Centuries old cultured milk beverage from Russia
Kefir, traditionally pronounced ke-feer’, but spoken as kee’-fer in the West, is a many-centuries-old cultured milk beverage from Northern Russia. Kefir is a fermented milk drink prepared with kefir grains (see the spoon in the picture).
Flavored kefir drinks, mostly, have found their way to market in the USA because North American consumers have not scored unflavored kefir high in sensory evaluations — it has a tart, somewhat "yeasty" taste with a mouthfeel described as "prickly" or "sparkling" due to the liberation of the carbon dioxide gas (CO2) as the culturing progresses. The addition of fruit or other sources of sugars, however, may cause unwanted fermentation by yeasts used in commercial packaging for shelf-life — but adding taste enhancers to your own home-brew makes for delicious and nutritious smoothies, snacks, and desserts that scientific research is confirming are supremely health-giving.
An assortment of some 40 compounds contribute to the unique tang and slight effervescence of this simple-to-make beverage: a fermentation process old as time itself denatures the milk protein, resulting in smaller protein pieces that are more susceptible to break-down by the stomach’s gastric juices. In simple terms — it’s so easy to digest that even those with milk allergies often find they can take advantage of all kefir has to offer.
The list of serious conditions that recent research has indicated can be helped by drinking kefir is impressive. The Canadian publication The Handbook of Fermented Foods edited by Edward A. Farnsworth provides a comprehensive digest, meticulously footnoted, on the effect fermented foods have on human health — the latest facts from Japanese and European scientific in vivo (in human bodies) studies over the last decade.
- Provides digestibility of milk-based products
- Produces it own antibiotics, eliminates unfriendly bacteria
- Rebalances the intestinal flora and stomach acid to heal ulcers
- Regulates metabolism through improved digestion to benefit the colon.
- Leads to good heart action, blood circulation and blood pressure.
- Reduces serum cholesterol levels only IF they are too high for safety.
- Regulates bile and improves the liver/gall bladder to help fight hepatitis
- Acts on the immune system and so improves resistance to disease
- Produces anti-cancer compounds and prevents metastasis (spread)
- Allows eczema, acne and skin disorders to fade away
- Reduces anxiety and depression; increases energy and joy in living.
- Produces every vitamin and bacteria needed for healthy daily living.
Authentic kefir can only be prepared by the culturing with kefir "grains" of fresh milk from any of several species of ruminant mammals (cows, goats, sheep, horses, and water buffalo being the most commonly used). The healthy bio-matrix (or, active molecules) in kefir is created through the symbiotic relationship between a complex mixture of specific lactic acid bacteria (lactobacillus) and beneficial yeasts as they literally eat the lactose sugars in milk for breakfast, lunch and dinner.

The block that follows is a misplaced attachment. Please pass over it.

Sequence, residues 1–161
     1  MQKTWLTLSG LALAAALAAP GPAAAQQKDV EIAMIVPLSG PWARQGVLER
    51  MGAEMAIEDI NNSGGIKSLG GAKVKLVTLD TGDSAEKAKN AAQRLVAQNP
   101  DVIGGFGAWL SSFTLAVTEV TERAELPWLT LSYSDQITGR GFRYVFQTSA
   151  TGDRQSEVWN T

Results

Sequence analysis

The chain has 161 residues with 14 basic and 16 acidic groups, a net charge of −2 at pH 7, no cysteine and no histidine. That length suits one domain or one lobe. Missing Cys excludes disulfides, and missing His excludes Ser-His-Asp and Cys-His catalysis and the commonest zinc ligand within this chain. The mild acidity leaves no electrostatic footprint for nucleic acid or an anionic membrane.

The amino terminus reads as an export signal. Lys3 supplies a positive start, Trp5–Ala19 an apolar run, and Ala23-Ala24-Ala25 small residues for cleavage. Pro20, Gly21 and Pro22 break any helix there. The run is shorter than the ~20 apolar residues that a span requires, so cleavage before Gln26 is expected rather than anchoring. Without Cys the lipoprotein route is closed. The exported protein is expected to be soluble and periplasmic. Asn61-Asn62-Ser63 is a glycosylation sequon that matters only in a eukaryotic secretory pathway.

It is said that kefir has been such a well-kept secret for centuries because, according to legend, Mohammad, whose gift it was, strictly forbade the secret of kefir preparation to be given outside the faith. In the beginning, it was made in skin bags hanging near the door. Milk was poured in periodically, and everyone gave the bag a swing for good fortune as they entered; this ensured thorough mixing. Kumys, kefir made from mares’ milk, was consumed as food and as an alcoholic drink (2-3%) some 25 centuries ago and was mentioned by Marco Polo in Asia as being a pleasant milk drink.
How to make kefir
Because it cultures (ferments) at warm room temperature — unlike yogurt — traditional kefir is one of the easiest of cultured milk products to make at home IF you can find some of the soft, white gelatinous "grains" to begin. Folks like to share them; it’s easy because they GROW when they are happy. A supply of fresh, preferably unprocessed, milk keeps kefir grains fruitful and multiplying, and it is good to remove some from the batch periodically to maintain a constant culture-to-medium (grains-to-milk) ratio. About 1 teaspoon (9 grams) is all you need to make a quart (1 liter) of this drink. It tastes like buttermilk but has been made way more nutritious by protein hydrolysis (culturing).
Through the magic action of the lactobacillus making it ever more tasty, kefir keeps without refrigeration and is a premium road food and beverage all in one package. I like it with a generous sprinkle of Himalayan Pink Crystal salt and a drop of Black Pepper Oil.
Lynn’s Kefir Method
One quart is enough for two adults every day. It will take about a day and a half to make each batch. I stagger two batches going at once; it takes very little time or expertise.
Lynn’s Kefir Recipe
|Tools you’ll need|
|Whole, organic, farm-fresh milk|
|1 tsp per quart||kefir grains||Instructions|
To learn more about kefir, see this Australian website. One of my own kefir strains comes to me from down under. http://users.chariot.net.au/~dna/kefirpage
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